Just about any sto­ry on CRISPR tech­nol­o­gy could get eye­balls this year. The promise of gene edit­ing as a new tool for tack­ling dis­ease has fas­ci­nat­ed every­one in and out­side the in­dus­try for years. And when one of the field’s founders, the Broad’s Feng Zhang, backs a start­up, you can ex­pect the news will turn heads. The mon­ey in­volved was rel­a­tive­ly small, on­ly $15.6 mil­lion. But peo­ple are more im­por­tant than mon­ey in at­tract­ing an au­di­ence. Zhang has been at the cen­ter of a bit­ter patent dis­pute in­volv­ing the pi­o­neers in this field. But he al­ways main­tained that the field was still in its in­fan­cy, with much more work to be done re­fin­ing and im­prov­ing the tech­nol­o­gy. You can ex­pect more head­lines from Zhang in the year ahead. 

CRISPR pi­o­neer Feng Zhang co-founds a ‘lim­it­less’ biotech up­start with big plans for speed­ing new drug de­vel­op­ment

5 No­var­tis joins the Big Phar­ma ex­o­dus out of an­tibi­otics, dump­ing re­search, cut­ting 140 and out-li­cens­ing pro­grams

Think neu­ro is tough? Try mak­ing com­mer­cial sense out of an­tibi­otics. The R&D work is high risk and the mar­ket, dom­i­nat­ed by cheap gener­ics, looks ex­treme­ly low mar­gin. That’s not the kind of pro­file that Big Phar­ma ever en­joyed. One of the big sur­pris­es here is that No­var­tis was still di­rect­ly en­gaged in the re­search work, while most of the ma­jors had bowed out long ago. Pub­lic health of­fi­cials glob­al­ly have been sound­ing the alarm about drug-re­sis­tant pathogens, rais­ing a hue and cry for new an­tibi­otics. But un­til the mon­ey starts to look at­trac­tive, there won’t be near­ly enough R&D work done to avert a grow­ing threat. Some­thing needs to change, but it nev­er does.

No­var­tis joins the Big Phar­ma ex­o­dus out of an­tibi­otics, dump­ing re­search, cut­ting 140 and out-li­cens­ing pro­grams

6 Ax­o­vant: That pos­i­tive p-val­ue we re­port­ed yes­ter­day? Um, we screwed that up too

Ax­o­vant $AX­ON had been try­ing to find a sil­ver lin­ing around the time that its Alzheimer’s drug blew up in Phase III when they stum­bled — bad­ly — on this mon­u­men­tal screwup. Who­ev­er did the num­bers for this par­tic­u­lar p-val­ue failed to dou­ble check the math, and a com­pa­ny that al­ready had egg on its face had to awk­ward­ly walk it back a day lat­er. Built by Vivek Ra­maswamy and then helmed by David Hung, Ax­o­vant ul­ti­mate­ly had to lev­el the pro­grams for its first two drugs and start all over again as a gene ther­a­py com­pa­ny un­der new man­age­ment. But this is the kind of cau­tion­ary tale that should in­spire every­one to make ab­solute­ly cer­tain not to get slop­py with da­ta. Some things re­al­ly are in­ex­cus­able.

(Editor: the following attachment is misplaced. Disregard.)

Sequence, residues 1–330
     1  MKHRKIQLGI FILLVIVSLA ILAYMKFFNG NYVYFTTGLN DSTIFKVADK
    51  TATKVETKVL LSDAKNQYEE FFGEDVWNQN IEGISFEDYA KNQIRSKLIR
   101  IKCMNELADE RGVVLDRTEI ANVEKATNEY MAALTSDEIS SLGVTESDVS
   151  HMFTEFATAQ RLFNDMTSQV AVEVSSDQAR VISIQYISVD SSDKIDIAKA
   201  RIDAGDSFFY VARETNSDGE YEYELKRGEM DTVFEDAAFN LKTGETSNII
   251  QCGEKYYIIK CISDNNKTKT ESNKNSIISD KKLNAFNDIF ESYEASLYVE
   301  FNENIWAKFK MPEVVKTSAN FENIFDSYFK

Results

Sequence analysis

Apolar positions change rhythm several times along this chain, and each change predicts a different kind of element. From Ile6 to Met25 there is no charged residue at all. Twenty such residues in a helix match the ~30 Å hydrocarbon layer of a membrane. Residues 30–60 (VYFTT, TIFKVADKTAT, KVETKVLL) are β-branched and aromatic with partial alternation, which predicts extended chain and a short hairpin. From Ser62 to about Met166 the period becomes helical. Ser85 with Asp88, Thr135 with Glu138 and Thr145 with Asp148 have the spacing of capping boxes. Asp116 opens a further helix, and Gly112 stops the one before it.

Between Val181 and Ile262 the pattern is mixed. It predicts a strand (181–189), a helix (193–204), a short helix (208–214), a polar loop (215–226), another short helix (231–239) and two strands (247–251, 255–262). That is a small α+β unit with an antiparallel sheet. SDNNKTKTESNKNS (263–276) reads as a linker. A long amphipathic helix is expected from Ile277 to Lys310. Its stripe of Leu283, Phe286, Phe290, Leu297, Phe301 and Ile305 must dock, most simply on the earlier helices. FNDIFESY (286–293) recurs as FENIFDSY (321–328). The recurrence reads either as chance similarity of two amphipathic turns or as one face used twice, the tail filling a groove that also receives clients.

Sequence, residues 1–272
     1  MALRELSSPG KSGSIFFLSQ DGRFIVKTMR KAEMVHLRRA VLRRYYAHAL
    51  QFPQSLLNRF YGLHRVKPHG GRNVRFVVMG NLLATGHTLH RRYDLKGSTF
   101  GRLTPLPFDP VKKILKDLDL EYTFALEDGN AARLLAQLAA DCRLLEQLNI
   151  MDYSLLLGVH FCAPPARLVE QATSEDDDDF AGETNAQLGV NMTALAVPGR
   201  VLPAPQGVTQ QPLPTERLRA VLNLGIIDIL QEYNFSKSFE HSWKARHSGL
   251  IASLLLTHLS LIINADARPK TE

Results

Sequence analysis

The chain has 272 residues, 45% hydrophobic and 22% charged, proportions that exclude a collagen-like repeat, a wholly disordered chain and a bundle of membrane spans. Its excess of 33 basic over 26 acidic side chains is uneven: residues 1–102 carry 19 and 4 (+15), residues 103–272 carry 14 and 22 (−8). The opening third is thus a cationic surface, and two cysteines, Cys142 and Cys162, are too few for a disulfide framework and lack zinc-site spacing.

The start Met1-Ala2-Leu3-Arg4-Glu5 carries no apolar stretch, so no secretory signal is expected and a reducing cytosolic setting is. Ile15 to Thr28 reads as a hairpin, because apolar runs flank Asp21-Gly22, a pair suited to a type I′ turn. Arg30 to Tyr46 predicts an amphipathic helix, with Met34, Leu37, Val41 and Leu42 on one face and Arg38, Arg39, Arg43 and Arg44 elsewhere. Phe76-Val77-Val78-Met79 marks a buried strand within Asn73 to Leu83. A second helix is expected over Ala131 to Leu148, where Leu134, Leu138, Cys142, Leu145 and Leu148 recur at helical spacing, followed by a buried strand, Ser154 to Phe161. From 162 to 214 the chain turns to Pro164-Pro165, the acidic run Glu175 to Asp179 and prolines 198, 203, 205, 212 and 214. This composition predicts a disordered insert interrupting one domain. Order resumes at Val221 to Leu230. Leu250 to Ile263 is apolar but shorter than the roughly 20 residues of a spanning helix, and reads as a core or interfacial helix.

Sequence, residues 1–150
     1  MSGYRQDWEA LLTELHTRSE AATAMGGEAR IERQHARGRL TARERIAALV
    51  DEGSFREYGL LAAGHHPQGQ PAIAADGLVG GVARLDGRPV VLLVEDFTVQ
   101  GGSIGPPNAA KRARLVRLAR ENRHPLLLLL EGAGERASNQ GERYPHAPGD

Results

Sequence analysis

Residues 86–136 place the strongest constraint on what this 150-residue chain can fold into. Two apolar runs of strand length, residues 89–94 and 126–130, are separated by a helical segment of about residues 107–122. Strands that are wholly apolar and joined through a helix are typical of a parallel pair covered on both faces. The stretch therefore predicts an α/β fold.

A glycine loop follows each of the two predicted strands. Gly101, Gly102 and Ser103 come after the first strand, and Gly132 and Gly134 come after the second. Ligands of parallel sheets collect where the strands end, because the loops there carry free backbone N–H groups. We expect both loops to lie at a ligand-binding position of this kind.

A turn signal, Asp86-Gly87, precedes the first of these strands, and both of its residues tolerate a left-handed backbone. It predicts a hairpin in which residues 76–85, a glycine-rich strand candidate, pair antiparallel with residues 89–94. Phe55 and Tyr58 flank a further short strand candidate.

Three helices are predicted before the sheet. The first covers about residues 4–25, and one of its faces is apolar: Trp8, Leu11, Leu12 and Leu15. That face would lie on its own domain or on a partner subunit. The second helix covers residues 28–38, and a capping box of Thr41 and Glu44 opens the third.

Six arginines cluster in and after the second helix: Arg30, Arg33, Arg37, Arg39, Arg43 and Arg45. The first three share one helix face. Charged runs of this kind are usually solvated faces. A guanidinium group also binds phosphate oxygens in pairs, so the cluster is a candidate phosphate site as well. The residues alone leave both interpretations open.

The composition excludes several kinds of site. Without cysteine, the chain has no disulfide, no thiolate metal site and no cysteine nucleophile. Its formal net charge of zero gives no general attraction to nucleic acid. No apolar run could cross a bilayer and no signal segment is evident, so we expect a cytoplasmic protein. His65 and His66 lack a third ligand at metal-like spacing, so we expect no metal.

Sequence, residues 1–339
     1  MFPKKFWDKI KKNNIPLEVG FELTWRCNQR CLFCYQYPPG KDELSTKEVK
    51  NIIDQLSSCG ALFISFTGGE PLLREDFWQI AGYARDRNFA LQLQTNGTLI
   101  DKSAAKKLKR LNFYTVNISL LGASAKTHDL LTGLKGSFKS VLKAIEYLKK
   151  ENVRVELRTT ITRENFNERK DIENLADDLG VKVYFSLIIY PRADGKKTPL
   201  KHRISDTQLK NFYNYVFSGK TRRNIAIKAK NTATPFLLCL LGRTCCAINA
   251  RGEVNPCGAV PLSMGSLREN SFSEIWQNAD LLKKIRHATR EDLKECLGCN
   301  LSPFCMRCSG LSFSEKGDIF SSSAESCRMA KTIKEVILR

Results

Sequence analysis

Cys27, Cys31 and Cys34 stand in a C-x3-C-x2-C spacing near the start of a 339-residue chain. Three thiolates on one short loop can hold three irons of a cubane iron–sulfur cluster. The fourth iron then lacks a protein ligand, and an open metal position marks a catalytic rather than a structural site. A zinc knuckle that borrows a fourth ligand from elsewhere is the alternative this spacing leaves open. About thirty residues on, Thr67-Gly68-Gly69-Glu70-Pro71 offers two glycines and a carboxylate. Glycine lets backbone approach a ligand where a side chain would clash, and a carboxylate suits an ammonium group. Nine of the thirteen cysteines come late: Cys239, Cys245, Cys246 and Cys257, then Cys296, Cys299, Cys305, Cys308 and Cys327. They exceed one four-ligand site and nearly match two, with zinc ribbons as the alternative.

Ax­o­vant: That pos­i­tive p-val­ue we re­port­ed yes­ter­day? Um, we screwed that up too

7 Stormy Daniels’ lawyer: No­var­tis made $400K in ‘sus­pi­cious’ pay­ments to Trump at­tor­ney Michael Co­hen

This was the sto­ry that got me start­ed on the role No­var­tis had to play in the epic Stormy Daniels saga. Of course, the mon­ey was big­ger than ini­tial­ly re­port­ed, and No­var­tis CEO Vas Narasimhan hun­kered down in Basel to wait out the storm as com­pa­ny ex­ecs point­ed the fin­ger at the re­cent­ly de­part­ed Joe Jimenez for his role in mak­ing it hap­pen. No­var­tis in­sist­ed the con­tact with Co­hen was dra­mat­i­cal­ly short lived, but a probe by Sen­ate De­moc­rats reached a dif­fer­ent con­clu­sion. Scan­dals tend to linger in phar­ma­land long af­ter the head­lines are for­got­ten. Here’s an­oth­er one. 

Stormy Daniels’ lawyer: No­var­tis made $400K in ‘sus­pi­cious’ pay­ments to Trump at­tor­ney Michael Co­hen

8 Mer­ck’s Keytru­da com­bo wows again, ac­ing PhI­II over­all sur­vival goal for lung can­cer ear­ly

Here’s an­oth­er top sto­ry of the year that un­der­scores a ma­jor theme for the year. Af­ter watch­ing Bris­tol-My­ers Squibb $BMY take a com­mand­ing lead on the PD-1 front, Mer­ck’s R&D team $MRK un­der Roger Perl­mut­ter ex­e­cut­ed a mas­sive R&D ef­fort to catch up. Their prime strat­e­gy was a com­bi­na­tion of Keytru­da with chemo, while oth­ers went with CT­LA-4. Chemo won and over the course of 2018 Mer­ck caught up and then passed Bris­tol-My­ers as the leader in mar­ket­ing check­points for non-small cell lung can­cer. Mer­ck now has hun­dreds of tri­als un­der­way to help main­tain its mo­men­tum. Bris­tol-My­ers may have won the first bat­tle, but now the war is go­ing Mer­ck’s way.